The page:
Matrix Completion and Matrix Concentration

Dr. Lester Mackey
Postdoc, Stanford University
Given on: April 25, 2013

Abstract

The goal in matrix completion is to recover a matrix from a small subset of noisy entries. Web-scale instances of this problem include collaborative filtering for recommendation and link prediction in social networks. Many modern matrix completion algorithms provide strong recovery guarantees but scale poorly due to the repeated and costly computation of truncated SVDs. To address this deficiency, in the first part of this talk, I will introduce Divide-Factor-Combine (DFC), a parallel divide-and-conquer framework for boosting the scalability of a matrix completion algorithm while retaining its theoretical guarantees. Our experiments demonstrate the near-linear to super-linear speed-ups attainable with this approach, and our analysis shows that DFC enjoys high-probability recovery guarantees comparable to those of its base algorithm.

Fundamental to our analysis – and to the analyses of many matrix completion procedures – are matrix concentration inequalities that characterize the fluctuations of a random matrix about its mean. In the second part of this talk, I will show how Stein’s method of exchangeable pairs can be used to derive concentration inequalities for matrix-valued random elements. When applied to a sum of independent random matrices, this approach yields matrix generalizations of the classical inequalities due to Hoeffding, Bernstein, Khintchine, and Rosenthal. The same technique delivers bounds for sums of dependent random matrices and more general matrix functionals of dependent random elements.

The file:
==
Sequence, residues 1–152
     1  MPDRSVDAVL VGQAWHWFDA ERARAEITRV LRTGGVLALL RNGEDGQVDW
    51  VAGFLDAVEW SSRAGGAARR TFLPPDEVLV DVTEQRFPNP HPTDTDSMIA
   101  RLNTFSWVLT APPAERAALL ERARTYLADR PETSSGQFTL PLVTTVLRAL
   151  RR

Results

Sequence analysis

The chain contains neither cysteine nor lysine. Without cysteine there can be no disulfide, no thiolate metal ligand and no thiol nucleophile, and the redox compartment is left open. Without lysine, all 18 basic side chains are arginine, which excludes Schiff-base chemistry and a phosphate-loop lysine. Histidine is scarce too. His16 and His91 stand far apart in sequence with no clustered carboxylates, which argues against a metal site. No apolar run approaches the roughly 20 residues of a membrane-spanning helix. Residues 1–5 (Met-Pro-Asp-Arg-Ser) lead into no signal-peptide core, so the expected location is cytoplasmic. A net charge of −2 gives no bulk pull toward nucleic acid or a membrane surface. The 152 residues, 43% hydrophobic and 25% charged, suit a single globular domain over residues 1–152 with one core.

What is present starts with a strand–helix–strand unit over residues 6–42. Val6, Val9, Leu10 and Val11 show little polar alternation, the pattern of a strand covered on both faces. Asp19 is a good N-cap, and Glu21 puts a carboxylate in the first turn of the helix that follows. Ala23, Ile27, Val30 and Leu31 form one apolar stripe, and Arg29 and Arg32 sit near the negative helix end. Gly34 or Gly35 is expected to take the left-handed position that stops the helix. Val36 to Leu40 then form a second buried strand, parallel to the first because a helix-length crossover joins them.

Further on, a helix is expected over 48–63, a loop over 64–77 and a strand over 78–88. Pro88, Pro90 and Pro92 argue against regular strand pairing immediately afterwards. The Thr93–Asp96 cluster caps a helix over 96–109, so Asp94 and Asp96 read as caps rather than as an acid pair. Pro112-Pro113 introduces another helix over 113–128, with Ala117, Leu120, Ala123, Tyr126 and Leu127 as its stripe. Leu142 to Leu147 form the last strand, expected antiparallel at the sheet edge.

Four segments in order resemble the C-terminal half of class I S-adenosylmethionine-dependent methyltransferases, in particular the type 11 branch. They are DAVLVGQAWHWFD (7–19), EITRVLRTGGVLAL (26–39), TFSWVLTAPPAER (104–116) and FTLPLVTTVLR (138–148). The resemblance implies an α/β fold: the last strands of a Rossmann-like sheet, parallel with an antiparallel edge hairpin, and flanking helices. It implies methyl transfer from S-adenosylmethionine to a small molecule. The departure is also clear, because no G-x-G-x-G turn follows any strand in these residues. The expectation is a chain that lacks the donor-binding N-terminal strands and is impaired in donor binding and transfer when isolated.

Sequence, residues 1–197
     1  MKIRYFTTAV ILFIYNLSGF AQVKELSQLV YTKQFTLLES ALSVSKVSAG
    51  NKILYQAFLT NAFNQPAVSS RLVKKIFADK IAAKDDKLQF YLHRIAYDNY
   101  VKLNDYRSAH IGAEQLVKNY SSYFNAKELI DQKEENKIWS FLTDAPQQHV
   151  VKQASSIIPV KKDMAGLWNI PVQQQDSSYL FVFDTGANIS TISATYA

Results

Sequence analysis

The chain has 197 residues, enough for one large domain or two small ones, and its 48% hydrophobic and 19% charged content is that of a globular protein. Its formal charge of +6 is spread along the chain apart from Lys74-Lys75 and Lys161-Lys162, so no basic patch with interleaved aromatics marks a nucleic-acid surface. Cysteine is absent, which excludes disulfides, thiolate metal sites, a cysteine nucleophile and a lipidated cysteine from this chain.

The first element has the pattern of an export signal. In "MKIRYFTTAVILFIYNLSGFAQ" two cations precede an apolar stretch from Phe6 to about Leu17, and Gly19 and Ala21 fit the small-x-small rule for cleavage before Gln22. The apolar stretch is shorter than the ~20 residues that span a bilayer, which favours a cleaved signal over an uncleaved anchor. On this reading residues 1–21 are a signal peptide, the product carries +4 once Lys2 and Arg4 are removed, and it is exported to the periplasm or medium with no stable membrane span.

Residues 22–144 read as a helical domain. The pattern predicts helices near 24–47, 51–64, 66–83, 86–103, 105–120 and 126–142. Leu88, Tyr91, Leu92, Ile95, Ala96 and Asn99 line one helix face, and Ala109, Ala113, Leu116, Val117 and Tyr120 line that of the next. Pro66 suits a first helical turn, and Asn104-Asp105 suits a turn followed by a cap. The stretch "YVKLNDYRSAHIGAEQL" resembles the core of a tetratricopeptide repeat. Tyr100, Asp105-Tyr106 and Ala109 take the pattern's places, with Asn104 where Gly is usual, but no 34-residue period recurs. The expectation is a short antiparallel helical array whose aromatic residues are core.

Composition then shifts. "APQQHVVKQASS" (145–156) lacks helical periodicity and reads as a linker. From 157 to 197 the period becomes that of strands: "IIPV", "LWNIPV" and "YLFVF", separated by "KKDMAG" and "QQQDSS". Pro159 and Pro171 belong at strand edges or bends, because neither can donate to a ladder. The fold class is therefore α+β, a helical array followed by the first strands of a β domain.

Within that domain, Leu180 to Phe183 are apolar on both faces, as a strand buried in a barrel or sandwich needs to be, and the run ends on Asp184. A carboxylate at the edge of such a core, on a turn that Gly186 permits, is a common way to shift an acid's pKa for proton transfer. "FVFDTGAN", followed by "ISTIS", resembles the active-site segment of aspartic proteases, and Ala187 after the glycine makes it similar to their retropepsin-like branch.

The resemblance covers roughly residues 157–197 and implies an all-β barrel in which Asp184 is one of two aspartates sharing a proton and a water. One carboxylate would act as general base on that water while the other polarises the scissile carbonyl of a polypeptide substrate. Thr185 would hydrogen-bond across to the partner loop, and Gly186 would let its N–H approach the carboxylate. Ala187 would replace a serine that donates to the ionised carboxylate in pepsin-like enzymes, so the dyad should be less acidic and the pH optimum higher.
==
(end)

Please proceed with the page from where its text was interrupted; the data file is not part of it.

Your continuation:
This is joint work with Ameet Talwalkar, Michael I. Jordan, Richard Y. Chen, Brendan Farrell, and Joel A. Tropp.

Biography

Lester Mackey is a Simons Math+X postdoctoral fellow, working with Emmanuel Candes at Stanford University. In the fall of 2013, he will be joining the Stanford Statistics faculty.

He received his Ph.D. in Computer Science (2012) and M.A. in Statistics (2011) from UC Berkeley, and his B.S.E. in Computer Science (2007) from Princeton University. He has won the Eli Jury award at U.C. Berkeley, Best Student Paper award at ICML 2010, the First Prize in the $50K ALS Prediction Prize4Life Challenge to predict the progression of Lou Gehrig's disease and the Second Prize in the $1M Netflix Prize for collaborative filtering.